Houthis lobby UN to stay in Hodeidah amid fears of looming assault

Hodeidah is believed to be the Houthi militia’s main source of weapons smuggled from Iran.
Sunday 10/06/2018
An armoured vehicle of the Yemeni pro-government forces patrols on the main road to Hodeidah. (AFP)
Strategic city. An armoured vehicle of the Yemeni pro-government forces patrols on the main road to Hodeidah. (AFP)

LONDON - Yemeni sources in the port city of Hodeidah say military force is the only option to liberate the city from the Iran-allied Houthi militia. This assessment came as forces supporting the internationally recognised government were reportedly within 10km of the strategic port.

The Saudi-led coalition was moving slowly in its assault on Hodeidah to limit the danger to the civilian population but securing the city was deemed important to stem suspected weapons smuggling to the rebels.

The sources, speaking on the condition of anonymity, said any other option would give the Houthis and their supporters a chance to use the Hodeidah port to receive arms and supplies.

A Yemeni military official in the battle said the Hodeidah airport, as well as the Red Sea port, was considered a weapons drop-off point for the Houthi militia.

The military official said evidence of the Houthi militia’s reversal was its interest in seeking a UN compromise to stay in Hodeidah.

UN Special Envoy for Yemen Martin Griffiths met with Houthi representatives in Sana’a on June 4. Afterward, Griffiths expressed reservations concerning the pending battle.

“Apart from the avoidable humanitarian consequences of such a battle, I am also very concerned about the impact (on) chances of a political settlement of this conflict,” Griffiths was quoted in an Associated Press report.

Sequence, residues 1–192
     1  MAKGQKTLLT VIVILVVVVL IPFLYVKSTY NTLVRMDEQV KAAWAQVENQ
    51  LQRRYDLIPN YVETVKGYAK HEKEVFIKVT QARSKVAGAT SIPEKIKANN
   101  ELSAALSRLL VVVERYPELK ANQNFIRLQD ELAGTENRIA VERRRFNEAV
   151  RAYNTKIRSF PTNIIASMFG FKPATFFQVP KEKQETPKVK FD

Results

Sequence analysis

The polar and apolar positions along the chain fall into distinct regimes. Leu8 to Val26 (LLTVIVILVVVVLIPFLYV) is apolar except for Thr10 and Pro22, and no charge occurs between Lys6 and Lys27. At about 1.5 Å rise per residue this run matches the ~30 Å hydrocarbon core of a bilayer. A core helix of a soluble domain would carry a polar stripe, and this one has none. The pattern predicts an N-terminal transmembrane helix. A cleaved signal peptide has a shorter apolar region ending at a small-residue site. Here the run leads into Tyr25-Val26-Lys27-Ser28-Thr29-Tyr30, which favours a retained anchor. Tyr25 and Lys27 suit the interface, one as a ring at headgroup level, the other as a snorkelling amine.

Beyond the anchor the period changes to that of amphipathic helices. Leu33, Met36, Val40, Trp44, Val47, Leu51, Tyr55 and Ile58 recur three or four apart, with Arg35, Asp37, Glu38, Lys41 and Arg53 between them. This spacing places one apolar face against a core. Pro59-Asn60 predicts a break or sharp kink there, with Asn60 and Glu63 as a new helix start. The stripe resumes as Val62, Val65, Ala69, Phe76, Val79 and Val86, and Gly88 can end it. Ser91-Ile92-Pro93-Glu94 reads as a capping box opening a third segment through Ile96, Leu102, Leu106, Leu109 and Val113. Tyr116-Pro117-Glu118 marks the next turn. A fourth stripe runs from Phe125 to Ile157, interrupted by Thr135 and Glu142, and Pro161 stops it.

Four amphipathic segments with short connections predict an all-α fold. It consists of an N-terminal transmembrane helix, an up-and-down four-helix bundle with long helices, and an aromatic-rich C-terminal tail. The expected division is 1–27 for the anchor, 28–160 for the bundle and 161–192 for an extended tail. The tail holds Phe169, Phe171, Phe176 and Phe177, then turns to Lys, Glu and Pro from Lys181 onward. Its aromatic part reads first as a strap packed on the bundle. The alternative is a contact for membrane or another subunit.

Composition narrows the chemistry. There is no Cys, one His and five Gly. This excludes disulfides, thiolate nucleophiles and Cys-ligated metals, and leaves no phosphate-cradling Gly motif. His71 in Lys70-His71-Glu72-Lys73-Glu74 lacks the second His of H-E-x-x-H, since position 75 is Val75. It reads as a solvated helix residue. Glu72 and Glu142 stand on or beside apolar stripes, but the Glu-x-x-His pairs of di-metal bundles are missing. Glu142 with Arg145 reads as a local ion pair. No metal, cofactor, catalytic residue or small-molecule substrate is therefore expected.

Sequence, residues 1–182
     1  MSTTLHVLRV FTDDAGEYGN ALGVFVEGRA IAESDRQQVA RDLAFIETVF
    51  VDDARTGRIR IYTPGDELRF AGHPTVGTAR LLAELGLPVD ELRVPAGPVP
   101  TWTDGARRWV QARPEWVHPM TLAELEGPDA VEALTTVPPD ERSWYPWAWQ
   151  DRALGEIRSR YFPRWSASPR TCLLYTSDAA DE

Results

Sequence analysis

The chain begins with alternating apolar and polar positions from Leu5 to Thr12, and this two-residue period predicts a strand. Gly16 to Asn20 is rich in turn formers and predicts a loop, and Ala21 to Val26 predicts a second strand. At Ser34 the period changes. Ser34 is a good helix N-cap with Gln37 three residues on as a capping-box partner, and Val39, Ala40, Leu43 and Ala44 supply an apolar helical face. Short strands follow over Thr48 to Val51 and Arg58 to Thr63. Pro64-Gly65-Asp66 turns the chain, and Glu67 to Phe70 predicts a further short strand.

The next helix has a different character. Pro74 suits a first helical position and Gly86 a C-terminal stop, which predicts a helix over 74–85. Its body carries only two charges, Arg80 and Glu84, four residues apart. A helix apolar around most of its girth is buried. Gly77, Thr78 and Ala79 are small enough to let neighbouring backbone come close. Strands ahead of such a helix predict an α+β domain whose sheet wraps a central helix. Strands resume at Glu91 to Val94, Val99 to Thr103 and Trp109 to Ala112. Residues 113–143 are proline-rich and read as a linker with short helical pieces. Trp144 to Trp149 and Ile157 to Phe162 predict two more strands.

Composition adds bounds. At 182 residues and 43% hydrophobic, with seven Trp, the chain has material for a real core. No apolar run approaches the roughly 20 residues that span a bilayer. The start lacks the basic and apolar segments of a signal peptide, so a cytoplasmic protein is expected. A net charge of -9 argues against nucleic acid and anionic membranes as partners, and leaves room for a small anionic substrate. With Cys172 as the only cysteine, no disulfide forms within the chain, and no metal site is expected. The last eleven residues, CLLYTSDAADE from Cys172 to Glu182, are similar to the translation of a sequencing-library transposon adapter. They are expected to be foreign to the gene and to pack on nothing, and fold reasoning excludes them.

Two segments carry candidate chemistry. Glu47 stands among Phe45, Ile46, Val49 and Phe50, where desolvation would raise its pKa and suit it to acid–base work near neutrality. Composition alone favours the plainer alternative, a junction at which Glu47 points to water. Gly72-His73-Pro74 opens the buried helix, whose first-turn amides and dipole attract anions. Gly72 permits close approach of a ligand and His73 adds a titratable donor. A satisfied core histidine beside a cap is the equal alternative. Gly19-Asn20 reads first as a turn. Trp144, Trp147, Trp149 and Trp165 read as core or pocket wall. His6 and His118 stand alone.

Griffiths is trying to broker a peace deal that stipulates the militia give up its ballistic missiles in return for the coalition ending its aerial bombing campaign and the setting up of a transitional government, Thomson Reuters reported.

The draft document, which is yet to be made public but has been seen by Reuters, says that “heavy and medium weapons, including ballistic missiles, shall be handed over by non-state military actors in an orderly and planned fashion.”

“No armed groups shall be exempt from disarmament,” it says.

“The intention is to link security and political aspects starting with a cessation of fighting… then to move towards a withdrawal of forces and the formation of a national unity government. This last objective could possibly be the hardest,” a source familiar with the proposal told Thomson Reuters.

The Saudi-led coalition dropped leaflets over Hodeidah on June 5, calling on residents to “rise up” against the Houthi rebels, the southern separatist friendly Aden al-Ghad news website reported.

“Our dear brothers: The coalition and Yemeni legitimacy [pro-government] forces call on you to rise up in the face of the armed, criminal Houthi militias as the legitimacy forces enter,” one of the leaflets read.

“You must stand by and support the legitimacy forces by staying away from positions and gatherings of armed Houthi militias,” another leaflet said.

Hodeidah is believed to be the Houthi militia’s main source of weapons smuggled from Iran and has been instrumental in their upgraded military capabilities, evident by missile attacks on Saudi Arabia.

An editorial in the Dubai-based Gulf News, stressing the strategic importance of the city, said capturing Hodeidah “effectively means that [the Houthis] would lose the ability to receive Iranian weapons and thus the beginning of the end of their grip on the country.”

The Hodeidah offensive had been delayed over humanitarian concerns. The Yemeni government and the Saudi-led coalition have called for the port to be put under international monitors’ control.